(24) (–) Ashworth – Lost (Anjunadeep)
‘Lost’ is the follow up to last years Anjunadeep fan favourite ‘Rebound / Whatever Weather’, a double-sided melodic gem featuring an epic original mix as well as a stripped-back rework from rising UK talent Matt Karmil. The original mix combines subtle textures and bouncing grooves with a show-stopping melodic breakdown, swirling through cinematic soundscapes and sparkling arpeggios. A big dancefloor moment. Matt Karmil has stormed the underground in recent times, with two acclaimed artist albums under his belt in the past 12 months, championed by the likes of Boiler Room, XLR8R and Resident Advisor. Combined with his memorable remixes for Kompakt, Freerange and Studio Barnhaus, it’s no wonder he’s been supported by the likes of DJ Koze and Michael Mayer. Karmil’s remix of ‘Lost’ expertly highlights the fluidity and maturity of his production, blending sparse atmospherics with the bright and emotive sentiments of the original.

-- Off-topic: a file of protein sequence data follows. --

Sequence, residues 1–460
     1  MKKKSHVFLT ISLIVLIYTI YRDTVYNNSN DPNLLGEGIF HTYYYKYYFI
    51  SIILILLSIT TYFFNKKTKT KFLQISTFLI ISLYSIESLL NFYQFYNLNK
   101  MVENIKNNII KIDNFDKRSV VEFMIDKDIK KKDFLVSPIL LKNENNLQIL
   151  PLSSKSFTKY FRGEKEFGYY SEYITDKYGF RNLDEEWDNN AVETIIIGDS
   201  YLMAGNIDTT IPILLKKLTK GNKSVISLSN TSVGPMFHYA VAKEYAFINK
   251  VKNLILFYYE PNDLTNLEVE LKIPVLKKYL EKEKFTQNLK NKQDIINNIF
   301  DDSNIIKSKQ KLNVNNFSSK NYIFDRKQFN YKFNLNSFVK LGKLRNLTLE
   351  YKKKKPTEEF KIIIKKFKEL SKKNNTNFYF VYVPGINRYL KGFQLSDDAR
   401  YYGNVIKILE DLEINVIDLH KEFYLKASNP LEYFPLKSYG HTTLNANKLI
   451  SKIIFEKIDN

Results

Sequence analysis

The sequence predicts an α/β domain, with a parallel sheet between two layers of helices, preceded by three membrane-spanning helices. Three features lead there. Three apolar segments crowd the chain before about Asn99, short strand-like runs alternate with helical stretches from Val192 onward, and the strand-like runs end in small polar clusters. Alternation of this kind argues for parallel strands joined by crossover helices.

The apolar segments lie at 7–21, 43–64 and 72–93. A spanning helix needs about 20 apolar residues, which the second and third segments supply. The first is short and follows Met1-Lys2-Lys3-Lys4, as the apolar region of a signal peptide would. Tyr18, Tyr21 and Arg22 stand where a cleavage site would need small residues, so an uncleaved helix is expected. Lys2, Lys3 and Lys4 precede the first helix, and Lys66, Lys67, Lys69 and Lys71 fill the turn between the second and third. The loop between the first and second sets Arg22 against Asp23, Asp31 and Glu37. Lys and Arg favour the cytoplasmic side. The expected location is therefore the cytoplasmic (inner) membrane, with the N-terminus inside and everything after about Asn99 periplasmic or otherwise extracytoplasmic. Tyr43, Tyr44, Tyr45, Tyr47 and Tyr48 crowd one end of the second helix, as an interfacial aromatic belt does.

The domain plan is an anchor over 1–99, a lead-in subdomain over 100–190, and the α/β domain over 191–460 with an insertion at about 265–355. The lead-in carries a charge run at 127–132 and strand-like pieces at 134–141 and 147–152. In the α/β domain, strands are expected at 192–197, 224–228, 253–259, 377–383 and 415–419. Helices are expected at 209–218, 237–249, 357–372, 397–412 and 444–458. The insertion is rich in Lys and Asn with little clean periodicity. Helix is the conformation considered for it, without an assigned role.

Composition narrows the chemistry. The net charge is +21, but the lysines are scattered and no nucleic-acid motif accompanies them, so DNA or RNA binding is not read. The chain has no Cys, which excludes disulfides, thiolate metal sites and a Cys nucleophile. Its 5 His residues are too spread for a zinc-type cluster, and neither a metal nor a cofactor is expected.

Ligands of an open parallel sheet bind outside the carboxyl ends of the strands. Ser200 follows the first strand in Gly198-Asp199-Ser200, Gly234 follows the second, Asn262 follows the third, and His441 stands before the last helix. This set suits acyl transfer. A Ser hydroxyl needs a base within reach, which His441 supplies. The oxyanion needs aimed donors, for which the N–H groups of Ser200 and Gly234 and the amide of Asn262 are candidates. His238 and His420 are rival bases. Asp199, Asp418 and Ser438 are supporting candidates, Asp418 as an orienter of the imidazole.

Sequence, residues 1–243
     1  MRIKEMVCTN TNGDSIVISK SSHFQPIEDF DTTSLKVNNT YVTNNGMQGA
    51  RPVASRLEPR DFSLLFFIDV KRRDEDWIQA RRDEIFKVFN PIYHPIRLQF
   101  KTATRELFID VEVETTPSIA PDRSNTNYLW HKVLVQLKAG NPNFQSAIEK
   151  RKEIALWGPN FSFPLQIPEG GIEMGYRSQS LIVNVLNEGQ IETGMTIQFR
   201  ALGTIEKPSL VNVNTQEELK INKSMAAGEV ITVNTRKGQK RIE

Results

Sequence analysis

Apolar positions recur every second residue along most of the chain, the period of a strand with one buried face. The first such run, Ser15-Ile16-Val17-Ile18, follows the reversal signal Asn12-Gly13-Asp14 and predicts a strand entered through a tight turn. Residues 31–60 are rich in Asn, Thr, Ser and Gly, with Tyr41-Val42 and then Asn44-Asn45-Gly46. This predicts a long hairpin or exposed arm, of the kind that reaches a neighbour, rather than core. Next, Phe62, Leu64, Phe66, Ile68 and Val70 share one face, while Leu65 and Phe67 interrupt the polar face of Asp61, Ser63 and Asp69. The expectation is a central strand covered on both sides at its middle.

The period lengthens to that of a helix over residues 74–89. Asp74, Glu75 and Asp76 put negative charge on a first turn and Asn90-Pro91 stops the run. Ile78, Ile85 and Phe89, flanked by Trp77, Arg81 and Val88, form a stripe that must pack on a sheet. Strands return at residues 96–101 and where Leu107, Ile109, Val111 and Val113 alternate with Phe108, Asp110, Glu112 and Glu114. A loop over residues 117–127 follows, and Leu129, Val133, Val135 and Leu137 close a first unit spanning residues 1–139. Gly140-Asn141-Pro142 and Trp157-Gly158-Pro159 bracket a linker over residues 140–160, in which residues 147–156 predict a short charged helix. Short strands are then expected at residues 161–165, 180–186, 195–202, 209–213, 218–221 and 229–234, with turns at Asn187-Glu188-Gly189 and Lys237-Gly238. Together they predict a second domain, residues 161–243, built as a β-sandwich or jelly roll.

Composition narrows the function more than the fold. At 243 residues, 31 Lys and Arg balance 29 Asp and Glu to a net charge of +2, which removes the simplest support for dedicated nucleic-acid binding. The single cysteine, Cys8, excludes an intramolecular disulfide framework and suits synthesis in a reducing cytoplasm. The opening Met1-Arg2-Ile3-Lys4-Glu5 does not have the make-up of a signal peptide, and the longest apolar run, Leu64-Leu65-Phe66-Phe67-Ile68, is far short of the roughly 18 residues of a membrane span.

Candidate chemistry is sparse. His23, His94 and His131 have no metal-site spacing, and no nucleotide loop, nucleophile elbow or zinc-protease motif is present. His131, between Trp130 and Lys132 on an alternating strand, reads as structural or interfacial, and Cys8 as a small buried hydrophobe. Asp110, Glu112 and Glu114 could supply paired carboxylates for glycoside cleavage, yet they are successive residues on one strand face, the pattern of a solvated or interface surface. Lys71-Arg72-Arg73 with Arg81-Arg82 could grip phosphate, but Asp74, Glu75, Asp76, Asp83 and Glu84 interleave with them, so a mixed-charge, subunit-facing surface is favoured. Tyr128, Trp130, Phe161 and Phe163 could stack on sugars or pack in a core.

(25) (–) Sawa Trio & Lossy – Kalimat (Two Rivers – FLO)
“Kalimat” is a new collaboration between improvising Arabic-influenced trio Sawa and electronic artist Lossy. A double A-side single, the project began as an ad hoc trio recording in British- Iraqi singer Alya Al-Sultani’s living room – joining her on the session were German pianist Clemens Christian Poetzsch and London-based cellist Shirley Smart. Alya then passed the reins over to electronic composer and producer Lossy who warped and mangled the original stems and added in a his signature mix of beats, acoustic hacks, synths and electronics. The lyrics for title track “Kalimat” are taken from the poetry of Lebanese poet Nizar El-Qabbani and describe the vulnerability and powerlessness we can open ourselves to when we are in love. The original recording features a unique instrument called the Fluid Piano, a microtonal acoustic keyboard instrument of which there is only one in the world. This unusual starting point is chopped up and fed through tape delays by Lossy, who then adds an intriguing shimmer to vocals, and repurposes the cello as a high gated synth pad towards the end of the rework to produce a laid back track reminiscent of the output of Bonobo, Anchorsong, Massive Attack or PM Dawn.